Hammarbya

 
The genus Hammarbya has only one species Hammarbya paludosa (Bog Orchid). First gave Linnaeus plant name Ophrys paludosa. The scientific name Hammarbya paludosa got it by Kuntze in 1891 as a tribute to
  
Linnaeus and his hometown Hammarby. Bog Orchid is spread in Eurasia and North America.
Myggblom - Hammarbya paludosa - Norske Orkideer

Myggblom – Hammarbya paludosa

  

Bog Orchid – Hammarbya paludosa

Synonym: Malaxis paludosa.
Bog Orchid, White Adder’s Mouth and Fen Orchid (the latter probably expired in Norway) have the leaves base bulbs (pseudobulbs) situated in the moss, and these three species are the only ones in Europe with pseudobulbar which are common for the epiphytic orchids in tropics.

Some scientists think that the Bog Orchid not have larger deviations than other species of the genus Malaxis and that Bog Orchid therefore should be transferred to the genus Malaxis. In Norway’s Bog Orchid scattered and rare in the lowlands and valleys north to Troms. It is little lime demanding, often grow extremely humid in sphagnum and is a very small plant that is hard to catch sight of. Bog Orchid has two small leaves pointing up from the plant basis, and it is from 3 to 12 cm high. Bog Orchid also propagates asexual using small gemmae sitting in order on the leave tip. Down in the moss we find 2-3 pseudobulbs which is 4-8 mm large and sits on a rhizome with distance 1-2 cm. Stems are hairless and thin as a needle.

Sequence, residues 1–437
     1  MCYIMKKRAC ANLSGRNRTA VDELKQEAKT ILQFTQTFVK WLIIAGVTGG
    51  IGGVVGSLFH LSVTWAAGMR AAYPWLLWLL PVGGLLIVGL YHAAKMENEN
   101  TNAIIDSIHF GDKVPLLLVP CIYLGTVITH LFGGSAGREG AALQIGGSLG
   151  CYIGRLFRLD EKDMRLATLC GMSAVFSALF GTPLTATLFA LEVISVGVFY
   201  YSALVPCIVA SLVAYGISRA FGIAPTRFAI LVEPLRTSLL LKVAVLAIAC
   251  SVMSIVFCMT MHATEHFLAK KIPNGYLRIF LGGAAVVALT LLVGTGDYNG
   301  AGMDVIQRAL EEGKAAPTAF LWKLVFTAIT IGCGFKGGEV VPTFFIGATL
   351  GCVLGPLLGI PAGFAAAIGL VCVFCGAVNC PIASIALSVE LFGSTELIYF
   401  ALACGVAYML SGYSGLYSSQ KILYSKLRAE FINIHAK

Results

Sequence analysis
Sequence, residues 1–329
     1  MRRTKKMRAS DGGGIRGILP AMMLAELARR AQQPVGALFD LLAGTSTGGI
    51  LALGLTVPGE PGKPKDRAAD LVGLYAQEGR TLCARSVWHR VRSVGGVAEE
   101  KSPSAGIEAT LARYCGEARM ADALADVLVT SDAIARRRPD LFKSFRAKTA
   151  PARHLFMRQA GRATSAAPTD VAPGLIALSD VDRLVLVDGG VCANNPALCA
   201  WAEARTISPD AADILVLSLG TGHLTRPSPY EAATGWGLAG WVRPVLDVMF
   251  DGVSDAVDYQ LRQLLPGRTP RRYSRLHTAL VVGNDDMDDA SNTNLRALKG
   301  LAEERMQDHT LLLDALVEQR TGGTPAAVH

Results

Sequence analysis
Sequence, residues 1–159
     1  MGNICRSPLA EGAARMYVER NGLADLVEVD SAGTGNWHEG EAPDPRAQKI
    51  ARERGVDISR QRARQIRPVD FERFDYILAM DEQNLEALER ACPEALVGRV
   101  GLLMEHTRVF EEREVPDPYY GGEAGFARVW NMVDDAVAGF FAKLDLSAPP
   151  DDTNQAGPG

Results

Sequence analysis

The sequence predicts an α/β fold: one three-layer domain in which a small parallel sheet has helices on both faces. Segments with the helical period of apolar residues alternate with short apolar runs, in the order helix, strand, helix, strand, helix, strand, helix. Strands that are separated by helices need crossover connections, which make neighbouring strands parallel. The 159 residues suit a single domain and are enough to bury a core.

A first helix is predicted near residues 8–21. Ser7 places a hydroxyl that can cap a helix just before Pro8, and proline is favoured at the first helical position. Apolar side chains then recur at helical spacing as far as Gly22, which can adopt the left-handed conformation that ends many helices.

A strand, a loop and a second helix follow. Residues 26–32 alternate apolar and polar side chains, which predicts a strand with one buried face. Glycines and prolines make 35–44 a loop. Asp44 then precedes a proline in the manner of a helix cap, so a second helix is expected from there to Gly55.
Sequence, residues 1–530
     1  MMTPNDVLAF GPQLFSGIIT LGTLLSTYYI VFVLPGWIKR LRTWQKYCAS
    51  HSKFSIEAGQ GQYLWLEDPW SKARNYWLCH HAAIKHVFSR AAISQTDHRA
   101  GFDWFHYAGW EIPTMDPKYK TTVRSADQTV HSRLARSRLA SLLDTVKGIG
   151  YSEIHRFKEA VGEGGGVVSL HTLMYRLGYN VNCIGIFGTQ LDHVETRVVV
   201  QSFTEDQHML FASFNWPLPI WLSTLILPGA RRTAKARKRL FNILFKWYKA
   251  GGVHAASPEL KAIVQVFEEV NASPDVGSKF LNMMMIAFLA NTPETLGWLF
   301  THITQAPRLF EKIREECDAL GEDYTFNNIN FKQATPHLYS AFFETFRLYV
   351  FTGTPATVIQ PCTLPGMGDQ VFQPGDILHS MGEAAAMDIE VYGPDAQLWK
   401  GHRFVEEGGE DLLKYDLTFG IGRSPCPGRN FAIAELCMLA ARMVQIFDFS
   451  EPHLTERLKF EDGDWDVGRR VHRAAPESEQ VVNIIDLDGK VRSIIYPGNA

The flowers are greenish-yellow, can be numerous and sits on a small, narrow inflorescence. The flowers are very small and lip pointing upwards. You would think that such a small plant is very primitive because lip pointing upwards, but why evolution has led to the lip is twisted 360 degrees is unknown. The plant is likely to pollinate of small insects which may number many of the marsh.

Bog orchid is not protected under the Nature Diversity Act, but is now on the Norwegian Red List.